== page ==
Perhaps Neto, being the leader of the Locos Hermanos, would know something about other opposing group bosses.
“Are things fine between you and ABL?”
“They’re cunning guys.
They want the Chicanos and Blacks to destroy themselves fighting.
They probably plan to play the spectators while the browns and blacks fight it out, and swoop in to finish off whoever remains.”
“What kind of leader is Galen?”
“He’s sharp, but it’s hard to tell what he’s thinking.
He’s the secretive type; I hear he doesn’t even let the senior members in on his true intentions.
Tonya dated him for a while, but even she said she didn’t get him.”
Neto’s sudden mention of Tonya reminded Yuto that the two were in a relationship.
“Oh, right,” Neto said.
“I haven’t thanked you yet for helping Tonya.”
Yuto wondered what it was, then realized that it was the time Tonya almost got attacked by Giverly.
So Neto was even privy to that.
Yuto inwardly rolled his eyes.
“I didn’t do much.
He was a coward.
All I had to do was tell him that the guard was watching, and he just shrivelled up in fear.”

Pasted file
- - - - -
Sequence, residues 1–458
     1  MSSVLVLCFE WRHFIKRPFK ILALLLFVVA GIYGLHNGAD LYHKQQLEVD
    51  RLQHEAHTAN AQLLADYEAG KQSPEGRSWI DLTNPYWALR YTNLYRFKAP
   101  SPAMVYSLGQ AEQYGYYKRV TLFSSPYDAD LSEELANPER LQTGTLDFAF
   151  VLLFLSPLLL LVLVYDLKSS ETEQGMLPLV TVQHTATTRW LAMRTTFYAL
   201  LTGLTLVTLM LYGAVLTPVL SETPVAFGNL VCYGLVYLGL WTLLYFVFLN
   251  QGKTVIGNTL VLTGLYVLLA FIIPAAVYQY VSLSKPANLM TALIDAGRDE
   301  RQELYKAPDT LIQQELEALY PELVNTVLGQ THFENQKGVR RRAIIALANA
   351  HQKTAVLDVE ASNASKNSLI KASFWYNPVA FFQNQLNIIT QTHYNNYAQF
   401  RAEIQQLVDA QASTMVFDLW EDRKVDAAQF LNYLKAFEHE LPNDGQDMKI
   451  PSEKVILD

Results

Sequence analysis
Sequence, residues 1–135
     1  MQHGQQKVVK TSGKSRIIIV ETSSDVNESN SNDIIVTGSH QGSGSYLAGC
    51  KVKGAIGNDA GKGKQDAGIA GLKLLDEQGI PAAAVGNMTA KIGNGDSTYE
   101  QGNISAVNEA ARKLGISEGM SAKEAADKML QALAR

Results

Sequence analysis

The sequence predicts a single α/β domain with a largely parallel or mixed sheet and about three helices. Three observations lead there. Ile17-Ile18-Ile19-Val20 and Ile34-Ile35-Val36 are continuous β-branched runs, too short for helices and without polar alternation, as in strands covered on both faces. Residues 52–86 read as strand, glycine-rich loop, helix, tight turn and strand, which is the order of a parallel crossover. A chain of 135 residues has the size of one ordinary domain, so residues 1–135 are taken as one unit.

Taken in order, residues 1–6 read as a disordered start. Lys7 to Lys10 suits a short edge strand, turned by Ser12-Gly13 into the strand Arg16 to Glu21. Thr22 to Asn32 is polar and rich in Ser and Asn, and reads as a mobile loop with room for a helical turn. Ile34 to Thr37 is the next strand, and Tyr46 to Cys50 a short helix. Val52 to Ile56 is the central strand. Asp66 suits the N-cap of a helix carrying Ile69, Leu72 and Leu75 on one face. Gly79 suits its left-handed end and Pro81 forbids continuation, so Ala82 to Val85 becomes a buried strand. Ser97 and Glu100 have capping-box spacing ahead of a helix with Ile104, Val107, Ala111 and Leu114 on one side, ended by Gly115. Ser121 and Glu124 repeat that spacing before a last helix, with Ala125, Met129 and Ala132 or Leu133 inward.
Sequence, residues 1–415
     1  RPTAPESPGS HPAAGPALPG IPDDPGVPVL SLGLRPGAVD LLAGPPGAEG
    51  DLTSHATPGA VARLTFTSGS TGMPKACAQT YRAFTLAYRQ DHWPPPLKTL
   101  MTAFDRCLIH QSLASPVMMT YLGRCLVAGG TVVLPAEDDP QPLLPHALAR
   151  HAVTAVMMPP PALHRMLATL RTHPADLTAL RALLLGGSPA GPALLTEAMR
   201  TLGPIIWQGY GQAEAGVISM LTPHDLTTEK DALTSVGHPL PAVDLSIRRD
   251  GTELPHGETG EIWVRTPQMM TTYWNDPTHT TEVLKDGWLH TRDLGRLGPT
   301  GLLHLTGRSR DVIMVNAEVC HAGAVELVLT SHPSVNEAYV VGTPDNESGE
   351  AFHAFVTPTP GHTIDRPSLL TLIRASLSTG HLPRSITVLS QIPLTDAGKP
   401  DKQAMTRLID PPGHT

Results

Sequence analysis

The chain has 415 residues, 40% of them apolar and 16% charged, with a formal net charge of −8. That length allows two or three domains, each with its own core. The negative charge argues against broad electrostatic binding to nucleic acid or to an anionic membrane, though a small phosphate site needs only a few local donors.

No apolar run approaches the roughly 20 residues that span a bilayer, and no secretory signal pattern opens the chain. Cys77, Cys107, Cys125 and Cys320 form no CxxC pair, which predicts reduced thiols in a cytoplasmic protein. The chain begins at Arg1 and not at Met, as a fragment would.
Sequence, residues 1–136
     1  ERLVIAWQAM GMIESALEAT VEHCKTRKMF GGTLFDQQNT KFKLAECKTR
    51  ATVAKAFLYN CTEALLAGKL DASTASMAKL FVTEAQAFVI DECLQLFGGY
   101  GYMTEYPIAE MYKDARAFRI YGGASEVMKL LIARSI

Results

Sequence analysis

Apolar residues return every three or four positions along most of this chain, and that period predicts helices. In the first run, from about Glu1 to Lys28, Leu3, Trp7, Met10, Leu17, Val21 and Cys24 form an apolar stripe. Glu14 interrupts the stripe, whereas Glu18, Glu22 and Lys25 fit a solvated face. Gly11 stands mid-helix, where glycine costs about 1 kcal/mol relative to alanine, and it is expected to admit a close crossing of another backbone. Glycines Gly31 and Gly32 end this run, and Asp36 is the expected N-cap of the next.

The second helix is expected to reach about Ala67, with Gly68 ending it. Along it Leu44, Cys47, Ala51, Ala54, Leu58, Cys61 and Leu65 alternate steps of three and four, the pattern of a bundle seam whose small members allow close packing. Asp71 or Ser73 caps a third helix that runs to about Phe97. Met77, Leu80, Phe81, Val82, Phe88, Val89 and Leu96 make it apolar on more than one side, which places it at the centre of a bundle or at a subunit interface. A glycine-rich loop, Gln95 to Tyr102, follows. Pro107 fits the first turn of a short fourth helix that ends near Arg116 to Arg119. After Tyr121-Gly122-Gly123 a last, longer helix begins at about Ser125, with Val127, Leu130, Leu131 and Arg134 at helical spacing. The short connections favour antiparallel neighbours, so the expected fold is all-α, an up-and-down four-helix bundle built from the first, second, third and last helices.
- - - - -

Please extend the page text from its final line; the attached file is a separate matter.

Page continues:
“Still – it takes courage to talk down someone with a lethal weapon.
If it weren’t for you, Tonya might have been hurt.
I’m really grateful.”
“No need to thank me so much, you’re putting me on the spot,” Yuto said sheepishly.
“…You must miss Tonya, huh, Neto?” he said.
She’s my only little brother, after all.”
“What?” Yuto brought his ear right up against the bars in disbelief.
“Did you say ‘little brother’? I heard that you two were lovers.”
“Tonya wants it that way, so that’s what we let people think.
Our parents divorced when I was seventeen, and we were forced to live apart.
We don’t even share the same surname anymore.
But we reunited here in prison, and now we can live together again.
Strange, isn’t it? …But she’s ashamed of herself.
Says she doesn’t want anyone to know that I’m related to someone like her.
There was pity in Neto’s voice, but a sort of tenderness as well.
Yuto felt like he could understand Tonya’s perspective.